Food marketing has always been highly dependent on good visuals. That's why there is an entire industry dedicated to taking professional shots of food for restaurants, food producers and chefs. A marketing piece can't convey, outside of copy, smell, texture or taste. But great visuals can suggest them.
Food photography, too, focuses on placing eats in an emotional context. The lighting, the focus, the depth of field and the image background all help to instill in the viewer a particular expectation of the sampling experience.
Are you marketing rusticism? Are you marketing fresh and natural? Are you marketing a restaurant to young, dating couples? Or food truck fare to hungry Millennials? The right, professionally-produced image can bring customers flocking.
Realizing this, many food purveyors have been snapping pics and snapping up space in the social mediasphere. Visual platforms like Instagram, Pinterest and Tumblr are great ways to reach out to core audiences and whet appetites.
Foodies Congregate On Image-Sharing Social Media Platforms
Millennials, in particular, seem to love "food porn." They can't get enough of it.
They take pictures of and rate their restaurant meals on Yelp. They experiment in their home kitchens and report their results with close-ups. They take pictures of their groceries in the checkout aisle and send them out over Instagram.
What feeds all this gastronomic narcissism? The very nature of social media.
Social media are both friend and foe to the Millennial. They are means to attract attention from ones' peers, or the sources of self esteem-undermining envy on the flipside. They're great platforms on which to find new ideas, or to have one's own ideas mercilessly ridiculed.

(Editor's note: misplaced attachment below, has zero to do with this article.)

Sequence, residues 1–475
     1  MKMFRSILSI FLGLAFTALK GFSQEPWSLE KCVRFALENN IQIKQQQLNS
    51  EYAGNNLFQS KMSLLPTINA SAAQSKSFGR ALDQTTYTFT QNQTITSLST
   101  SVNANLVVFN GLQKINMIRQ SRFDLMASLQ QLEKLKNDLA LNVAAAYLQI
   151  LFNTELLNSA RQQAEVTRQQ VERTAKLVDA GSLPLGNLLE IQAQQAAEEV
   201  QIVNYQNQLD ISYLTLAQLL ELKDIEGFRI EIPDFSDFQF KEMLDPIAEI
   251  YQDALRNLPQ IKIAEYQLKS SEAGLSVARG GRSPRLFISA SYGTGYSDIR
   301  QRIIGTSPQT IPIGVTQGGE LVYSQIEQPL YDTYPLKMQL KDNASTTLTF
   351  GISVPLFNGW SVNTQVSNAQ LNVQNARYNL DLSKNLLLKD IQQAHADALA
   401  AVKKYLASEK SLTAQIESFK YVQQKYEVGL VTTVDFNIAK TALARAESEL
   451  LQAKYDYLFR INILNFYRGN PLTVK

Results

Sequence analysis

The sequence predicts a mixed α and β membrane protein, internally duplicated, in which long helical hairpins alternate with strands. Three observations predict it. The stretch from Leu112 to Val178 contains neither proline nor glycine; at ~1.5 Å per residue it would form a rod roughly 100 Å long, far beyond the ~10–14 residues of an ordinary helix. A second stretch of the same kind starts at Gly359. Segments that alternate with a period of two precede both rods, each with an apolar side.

Like a co-dependent relationship, many young foodies love — and hate — social media. But they just can't find a way to leave the blogosphere.
Instagram Is One Of The Most Popular Image-Sharing Platforms Among Millennials
Among the visually-oriented platforms, Instagram has one of the widest, most diverse reaches. Although Pinterest, for example, has a wide user base, it skews heavily toward women. Instagram, on the other hand, plays well to both genders in the 18-44 age range.
And the platform is growing quickly. Last year, the app reported over 200 million active users, with more joining every day. And it's the perfect medium for young adults with little time and short attention spans.
Posts are just pictures and captions. The feed is easy to scroll through as one waits in line at a store, as one sits in a traffic jam, or during a 2 to 3-minute coffee break.
Like Facebook, it's "like" based but, as on Twitter, it aggregates a lot of information in a tiny amount of space. Restaurants and food companies can use it both to market to individual's impulses and to influence the prevailing trends in food.
Artisan Foods Are Particularly Well-Suited For The Medium
Since artisanal foods are based on quality ingredients, natural ingredients and slow-craft processes, they tend to lend themselves well to ace food photography.
Artisan breads, for example, are highly textured. They often feature visible grains of interesting varieties and shades. They beg to be bitten into, chewed and savored. They appeal visually to lovers of crunchy crusts and soft, warm centers. Contrast this with the typical grocery store bread varieties. No matter how well-positioned the bread is in the shot, it doesn't have the same oomph as a roll of artisanal bread.
Creamy, artisan gelato will always play better on visual media than standard ice creams, which are often injected with volume-fluffing "filler" air during the manufacturing process. Contrast the two photos — they both feature rich colors and contextual placement, but the gelato stands out for its smooth, micro-granulated texture.
The point? Millennials love exotic, hand-crafted foods, and artisan food companies should be using visually-based social media like Instagram to appeal to young foodies right where they live: online. Digital is the new food mag.